The gap between average Big Six energy tariffs and the cheapest deals on the market has increased significantly since the competition watchdog began its investigation into the sector, figures show.
Which? has called on the Competition and Markets Authority (CMA) to set out how it will judge the success of its proposals to improve the market for consumers after finding that the gap between the average Big Six standard dual fuel tariffs and their cheapest equivalents has increased from £182 in 2014 to £329.
Despite the significant savings available, there had only been a 1.6 percentage point increase in the proportion of electricity customers and two percentage point increase in gas customers switching suppliers in that time.
The CMA is due to release the final report of its two-year investigation into the energy market later this month.
It has already found that there is “widespread consumer disengagement” and that British households could have been overpaying by around £1.7 billion a year, adding that the Big Six providers have been taking existing customers - 70 per cent of whom are stuck on standard variable rate deals - for granted.
Which? said it remained concerned that the CMA's proposals would not lead to improvements for consumers.
It wants the CMA to outline in its final report how its proposals will help vulnerable customers who have never switched and are overpaying by hundreds of pounds, and commit to a review of the market after two years.
Alex Neill, Which? director of policy and campaigns, said: “It is right that the energy market has been investigated but during this time prices have continued to soar.
”If consumer trust is to be restored in this market then the CMA proposals must bring about real change in the energy market to benefit consumers who have been paying over the odds for gas and electricity.
“The regulator must set out how it will measure the success of its reforms and ensure they will be effectively reviewed, so that action can be taken if competition and consumer outcomes don't improve.”
The CMA said it does look back at past remedies to assess their effectiveness, and did so recently in relation to airports operator BAA.
A spokesman said: “Our focus is on completing the investigation and working to ensure that our measures will change this market for the better.”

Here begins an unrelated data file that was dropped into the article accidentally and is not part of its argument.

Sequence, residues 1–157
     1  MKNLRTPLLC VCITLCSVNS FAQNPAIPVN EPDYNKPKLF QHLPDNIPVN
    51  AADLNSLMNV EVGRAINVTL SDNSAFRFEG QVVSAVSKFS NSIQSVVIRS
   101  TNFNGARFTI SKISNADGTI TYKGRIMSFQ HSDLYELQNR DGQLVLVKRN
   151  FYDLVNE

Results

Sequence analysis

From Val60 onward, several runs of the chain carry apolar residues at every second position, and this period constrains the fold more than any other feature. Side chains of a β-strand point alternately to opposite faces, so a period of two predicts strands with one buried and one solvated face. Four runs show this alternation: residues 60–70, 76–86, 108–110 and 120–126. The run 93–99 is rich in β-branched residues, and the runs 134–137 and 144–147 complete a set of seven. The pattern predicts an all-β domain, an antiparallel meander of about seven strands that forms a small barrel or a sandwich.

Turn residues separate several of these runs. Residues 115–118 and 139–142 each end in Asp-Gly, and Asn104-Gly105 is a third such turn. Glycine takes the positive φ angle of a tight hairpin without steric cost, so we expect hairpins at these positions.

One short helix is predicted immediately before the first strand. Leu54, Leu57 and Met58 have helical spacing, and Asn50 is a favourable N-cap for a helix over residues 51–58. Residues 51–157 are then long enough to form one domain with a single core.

A Department of Energy and Climate Change spokeswoman said: “Our top priority is to keep costs down for British bill payers. We look forward to the CMA report, as we recognise how important this investigation is for ensuring that we have a competitive and effective energy market that works for consumers.
”Millions of people are already switching supplier and saving money on their energy bills. Due to government action, there are more deals to choose from than ever before and we would encourage people who do not feel they are receiving a good deal to switch now.“
Energy UK, which represents the industry, disputed the Which? findings.
Chief executive Lawrence Slade said: ”Prices have not and are not rising. Energy companies are consistently bringing down their prices every day both on fixed and variable tariffs. Deals now start at £734, which is more than £200 cheaper than two years ago, with 53 deals under £900 being offered by over 40 suppliers operating in the market.
“People should take advantage of the fantastic deals out there. Suppliers have made it even easier for customers to switch to benefit from the best offers. This week saw the launch of Energy Switch Guarantee, which companies are signing up to, giving consumers even more confidence to switch provider without any hiccups.
”Almost two million people have switched in 2016 so far which is testimony to industry efforts to engage more with their customers.“
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